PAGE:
Gov. Herbert Testifies in Washington, D.C. on Bears Ears Bill

This morning, Gov. Gary R. Herbert testified on H.R. 4532, a bill introduced by Utah’s newest congressional representative, Rep. John Curtis. Named the Shásh Jaa’  National Monument and Indian Creek National Monument Act, this bill aims to establish lasting legislative protections in the Bears Ears region.

Although public lands in Utah have been a contentious topic, there are well-meaning people on both sides of the debate with strong feelings. The areas in question in San Juan County in Southeastern Utah are beautiful and majestic. They deserve protection. In his testimony, Gov. Herbert expressed his belief that all Utahns want to protect the antiquities in this area; the question is how best to provide this protection.

Here are a few ways Rep. Curtis’s bill could help protect the antiquities in the Bears Ears area while also involving those people most impacted by land management decisions in the actual stewardship of these lands. This, of course, would include Native American tribes.

  1. Thomas Jefferson said that “the government closest to the people serves the people best.” That certainly applies to managing public lands. This legislation aims to accomplish this through an innovative use of management councils. These councils exemplify the concept of cooperative federalism, with seats mandated for federal, county, and tribal representatives who will work together to develop management plans for the monuments.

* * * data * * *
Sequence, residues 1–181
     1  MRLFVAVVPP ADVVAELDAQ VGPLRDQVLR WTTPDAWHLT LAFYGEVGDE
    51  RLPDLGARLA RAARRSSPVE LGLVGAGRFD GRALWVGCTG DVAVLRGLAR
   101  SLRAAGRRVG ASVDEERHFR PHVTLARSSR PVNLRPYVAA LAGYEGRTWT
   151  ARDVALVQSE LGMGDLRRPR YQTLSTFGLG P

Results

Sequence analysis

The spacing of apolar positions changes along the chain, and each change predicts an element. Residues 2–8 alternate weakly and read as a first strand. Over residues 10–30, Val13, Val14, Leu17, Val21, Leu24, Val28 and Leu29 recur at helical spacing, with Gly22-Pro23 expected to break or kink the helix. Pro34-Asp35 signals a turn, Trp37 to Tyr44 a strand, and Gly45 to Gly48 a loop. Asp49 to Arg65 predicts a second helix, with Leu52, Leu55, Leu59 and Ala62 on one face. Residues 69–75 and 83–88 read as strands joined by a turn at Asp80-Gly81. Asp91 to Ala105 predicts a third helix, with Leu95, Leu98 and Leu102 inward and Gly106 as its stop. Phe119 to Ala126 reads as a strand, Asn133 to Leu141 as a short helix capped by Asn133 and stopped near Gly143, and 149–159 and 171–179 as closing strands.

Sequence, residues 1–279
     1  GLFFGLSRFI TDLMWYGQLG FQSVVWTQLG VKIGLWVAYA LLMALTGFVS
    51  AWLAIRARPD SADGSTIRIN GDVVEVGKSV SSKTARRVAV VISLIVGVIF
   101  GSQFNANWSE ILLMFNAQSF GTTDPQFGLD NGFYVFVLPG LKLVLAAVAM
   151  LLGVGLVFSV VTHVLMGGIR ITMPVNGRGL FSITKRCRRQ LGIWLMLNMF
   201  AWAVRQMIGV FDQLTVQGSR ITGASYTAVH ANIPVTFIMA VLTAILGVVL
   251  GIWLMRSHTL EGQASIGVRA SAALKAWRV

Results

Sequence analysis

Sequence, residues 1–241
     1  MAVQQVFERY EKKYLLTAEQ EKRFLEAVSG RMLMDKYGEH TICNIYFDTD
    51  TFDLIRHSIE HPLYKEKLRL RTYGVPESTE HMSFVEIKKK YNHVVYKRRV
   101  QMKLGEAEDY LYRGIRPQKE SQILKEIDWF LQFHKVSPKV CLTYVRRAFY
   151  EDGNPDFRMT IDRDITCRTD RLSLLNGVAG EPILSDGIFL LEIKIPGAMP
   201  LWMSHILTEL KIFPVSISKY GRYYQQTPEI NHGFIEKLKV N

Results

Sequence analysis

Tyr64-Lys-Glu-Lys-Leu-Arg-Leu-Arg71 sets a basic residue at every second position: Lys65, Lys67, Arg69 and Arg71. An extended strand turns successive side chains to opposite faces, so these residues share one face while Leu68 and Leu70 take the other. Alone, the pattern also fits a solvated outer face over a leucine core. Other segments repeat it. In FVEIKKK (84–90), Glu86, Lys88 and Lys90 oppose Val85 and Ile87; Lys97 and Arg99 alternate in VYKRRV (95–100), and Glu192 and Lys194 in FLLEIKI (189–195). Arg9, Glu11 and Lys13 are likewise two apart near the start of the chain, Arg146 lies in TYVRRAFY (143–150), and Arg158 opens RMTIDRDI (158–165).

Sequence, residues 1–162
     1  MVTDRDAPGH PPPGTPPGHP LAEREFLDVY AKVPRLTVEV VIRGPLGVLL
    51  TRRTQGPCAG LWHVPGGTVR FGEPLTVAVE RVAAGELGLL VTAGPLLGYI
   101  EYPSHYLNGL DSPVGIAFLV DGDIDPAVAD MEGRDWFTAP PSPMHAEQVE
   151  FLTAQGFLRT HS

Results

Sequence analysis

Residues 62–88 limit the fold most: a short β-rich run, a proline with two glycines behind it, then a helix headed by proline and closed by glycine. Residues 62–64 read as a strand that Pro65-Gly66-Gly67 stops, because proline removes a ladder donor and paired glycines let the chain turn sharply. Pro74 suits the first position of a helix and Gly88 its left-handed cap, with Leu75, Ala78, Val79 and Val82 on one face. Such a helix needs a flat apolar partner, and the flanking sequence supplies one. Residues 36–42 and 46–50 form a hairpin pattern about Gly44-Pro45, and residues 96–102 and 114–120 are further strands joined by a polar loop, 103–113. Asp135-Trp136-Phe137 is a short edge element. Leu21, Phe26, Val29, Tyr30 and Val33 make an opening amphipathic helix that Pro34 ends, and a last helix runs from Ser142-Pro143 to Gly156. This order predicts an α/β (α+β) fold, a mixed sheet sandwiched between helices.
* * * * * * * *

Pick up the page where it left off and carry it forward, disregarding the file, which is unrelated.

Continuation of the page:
1. In our experience, the looting and vandalism in the Bears Ears area is not from lack of legal protections, but from lack of law enforcement. Unlike the original monument designation that protected in name only, this bill provides for increased law enforcement. Rep. Curtis’s bill creates an Archaeological Resources Protection Unit for each monument and, additionally, mandates that at least 10 law enforcement personnel be assigned to each monument.

 

  1. Additionally, this bill precludes any type of mining or development of oil or gas within the boundaries of the 1.35 million acres of the original Bears Ears monument. This should put to rest any suspicion that the monument was reduced in order to advance energy development.

 

  1. Finally, the bill gives Utah the ability to exchange state land within the monument boundaries for lands elsewhere of equal value. That’s an important opportunity to consolidate our lands and generate funds for Utah’s school children.

 

We all want these lands to remain public, and we all want to protect their history, archaeology, and unique nature. We certainly all want our children and grandchildren to be able to enjoy them as we do. When we ascribe good motives to each other, we’ll be more likely to have a productive conversation and more likely to reach an optimal solution for the use of our public lands that everyone can live with.

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